Don't Listen to Your Wife

How I Learned to Stop Worrying and Love Manual Labor

Written by Jimmy Mengel
Posted June 17, 2013

Before my inbox gets bombarded with angry emails from all the wives out there, let me get this out of the way: I love my wife, and she's a brilliant, beautiful woman who very rarely makes bad decisions.

However, last week was one of those rare instances when she was dead wrong.

You see, we're constructing a parking pad in our backyard to add some value to our home and reap the convenience of always having an available place to park. And we agreed to do it ourselves to save a healthy chunk of loot. We could lay the concrete and move our fence in without too much trouble...

There were two things standing in our way: a pair of ailanthus altissima, trees affectionately known in Baltimore City as “ghetto palms.”

ghetto palm

To avoid causing grievous bodily harm with a chainsaw (and to spare our power lines from the falling ghetto palms), my lovely wife suggested we pay someone to do it.

After much hemming and hawing, I agreed to get an estimate. 

When the helpful chap came by, he quoted us a number that made me want to use the chainsaw on him instead of the trees... $600.00. My wife was ready to write the check when I told her that wasn't going to fly.

Moments later, I was out back with the ladder and my chainsaw. The trees didn't stand a chance, and were felled with relative ease. As an added bonus, I deftly avoided knocking out my neighborhood's power.

As I was dutifully bagging up the tree debris, I was overcome with a sense of pride and accomplishment — not to mention a wave of Paul Bunyan-esque machismo. I filled 20 trash bags with branches and leaves, smiling as I worked at the knowledge that each and every bag I filled had saved me $30. And the money I would have paid someone to do my dirty work paid for the parking pad materials several times over. 

These kind of do-it-yourself projects could save you thousands of dollars over the course of a lifetime. While not everyone can be Bob Vila, there are plenty of things you can totally manage on your own...

The easiest way is to get started is to start small. So today, let's take a look at a DIY project that you are perfectly capable of doing.

Changing Your Car's Air Filter

This is a no-brainer. You can have this simple task done in the time it takes you to say “I'm not a car guy.”

In most cases, if you take your car to get an oil change, the grease monkey will pop open the hood and tell you your oil filter is dirty and ask you if like him to replace it for you.

You most certainly do not. Having someone change your air filter will run you anywhere from $10 to $15 for labor.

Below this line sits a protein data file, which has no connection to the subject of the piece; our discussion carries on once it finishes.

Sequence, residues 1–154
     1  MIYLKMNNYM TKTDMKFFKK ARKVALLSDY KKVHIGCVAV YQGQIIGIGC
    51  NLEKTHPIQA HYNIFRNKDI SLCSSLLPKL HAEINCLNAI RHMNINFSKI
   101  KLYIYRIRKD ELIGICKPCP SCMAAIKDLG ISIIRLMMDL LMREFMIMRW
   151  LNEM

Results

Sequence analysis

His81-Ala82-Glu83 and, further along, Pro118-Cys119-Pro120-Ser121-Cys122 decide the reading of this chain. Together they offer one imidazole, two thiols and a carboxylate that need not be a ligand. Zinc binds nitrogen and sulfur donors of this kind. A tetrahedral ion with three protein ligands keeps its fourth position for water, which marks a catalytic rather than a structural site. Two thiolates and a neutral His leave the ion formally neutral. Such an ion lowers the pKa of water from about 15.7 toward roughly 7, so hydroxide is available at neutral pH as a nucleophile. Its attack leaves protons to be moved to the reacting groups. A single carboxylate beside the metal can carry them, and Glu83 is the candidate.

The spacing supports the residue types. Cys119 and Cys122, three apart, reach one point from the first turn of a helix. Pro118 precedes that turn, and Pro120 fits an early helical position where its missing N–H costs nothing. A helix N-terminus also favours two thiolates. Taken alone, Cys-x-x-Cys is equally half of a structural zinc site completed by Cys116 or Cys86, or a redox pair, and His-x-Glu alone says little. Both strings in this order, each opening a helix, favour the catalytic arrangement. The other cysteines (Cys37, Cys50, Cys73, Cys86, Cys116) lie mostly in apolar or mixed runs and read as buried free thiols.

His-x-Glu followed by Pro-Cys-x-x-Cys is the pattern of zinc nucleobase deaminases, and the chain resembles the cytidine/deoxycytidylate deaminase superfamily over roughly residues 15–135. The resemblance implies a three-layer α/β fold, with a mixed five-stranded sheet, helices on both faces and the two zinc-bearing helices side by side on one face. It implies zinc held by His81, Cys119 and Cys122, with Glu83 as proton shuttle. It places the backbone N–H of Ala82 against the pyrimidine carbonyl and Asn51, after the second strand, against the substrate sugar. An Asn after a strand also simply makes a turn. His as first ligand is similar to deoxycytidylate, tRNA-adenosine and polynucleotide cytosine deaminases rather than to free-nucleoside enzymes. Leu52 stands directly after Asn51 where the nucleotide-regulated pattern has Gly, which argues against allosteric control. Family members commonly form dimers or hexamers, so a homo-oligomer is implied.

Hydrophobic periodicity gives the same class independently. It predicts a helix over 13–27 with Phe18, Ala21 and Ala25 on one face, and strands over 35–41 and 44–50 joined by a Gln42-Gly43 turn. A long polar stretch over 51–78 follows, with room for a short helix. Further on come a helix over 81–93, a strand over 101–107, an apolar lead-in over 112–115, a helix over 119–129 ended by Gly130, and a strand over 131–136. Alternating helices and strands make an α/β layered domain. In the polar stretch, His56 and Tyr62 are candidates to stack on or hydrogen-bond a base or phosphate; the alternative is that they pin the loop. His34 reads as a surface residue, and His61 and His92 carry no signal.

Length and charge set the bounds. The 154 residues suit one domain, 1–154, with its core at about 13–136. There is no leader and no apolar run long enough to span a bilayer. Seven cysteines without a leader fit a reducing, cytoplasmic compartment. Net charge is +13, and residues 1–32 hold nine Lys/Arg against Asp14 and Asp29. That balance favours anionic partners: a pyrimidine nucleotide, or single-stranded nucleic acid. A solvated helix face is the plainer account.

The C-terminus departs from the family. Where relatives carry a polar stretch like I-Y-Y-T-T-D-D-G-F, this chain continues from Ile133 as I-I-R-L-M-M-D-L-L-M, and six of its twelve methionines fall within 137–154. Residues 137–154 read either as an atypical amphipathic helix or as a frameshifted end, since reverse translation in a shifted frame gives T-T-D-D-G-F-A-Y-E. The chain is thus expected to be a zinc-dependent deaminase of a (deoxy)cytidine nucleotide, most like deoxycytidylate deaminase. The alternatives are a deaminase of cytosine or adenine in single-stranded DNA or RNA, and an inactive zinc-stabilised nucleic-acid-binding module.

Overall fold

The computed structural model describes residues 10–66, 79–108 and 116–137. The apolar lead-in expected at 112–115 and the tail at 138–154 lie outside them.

Do you know how long it takes to do it? About one minute. Which means your mechanic is making the equivalent of $900 an hour. That horrific injustice right there is worth doing it yourself.

Here's how:

1) Buy an air filter that fits your car. If you are unsure which kind to get, simply check your owner's manual, or you can search for it by make and model. Ordering online can typically save you a few bucks, or you can swing into any auto parts store.

2) Locate the air filter. Pop your hood and let the engine cool if you've recently been driving. Locate your air filter. It's usually a small black box near the center top of your engine, or just off to the side:

air filterImage courtesy of Auto Repair Questions

Once you've found it, pop that sucker open with a screwdriver or even a butter knife. There's usually just two clasps holding it in place.

3) Remove the dirty air filter. Sometimes the filter may be held in place by a couple screws or a wingnut. So use your screwdriver or your fingers to loosen them up. Yank the old filter out and look in between the folds. If it's covered in gunk, toss it.

4) Install your new filter. Just slide the new one in place of the old one, secure the casing back on, and voilà! You are all set.

Your wallet and your engine will thank you, because not only will you save money on the front end — but replacing a clogged air filter on an older vehicle can improve both fuel economy and acceleration as much as a couple percent, which means more money in your pocket.

It's a simple little task that won't make you a millionaire, but it will get you in the mindset that you can do many things you are currently paying "a professional" to do.

I feel the same way about money management as I do about yardwork and simple car repairs: Why pay someone else for a job you can easily do yourself? 

Taking your finances into your own hands is the single most profitable DIY project in the world.

You could pay a money manager to simply handle your finances, hassle-free. It's the easy way — but it is expensive as hell.

In fact, the average American spends somewhere in the ballpark of $150,000 in fees over their lifetime for professional money managers to supervise their 401(k)s (and they rarely even beat the market!).

We started the Outsider Club to empower you to take control of your money. And when you finally decide to get your hands dirty, the payoff is immense...

Not only will you reap the financial benefits, but you'll also be rewarded with a sense of pride, purpose, and satisfaction.

You can do it. And despite the nagging protestations of your wife, after a DIY job is done properly, she'll not only appreciate the money you saved — but won't be able to help swooning over your masculine prowess.


Jimmy Mengel

Jimmy Mengel for Outsider Club
Follow Jimmy on Twitter @mengeled

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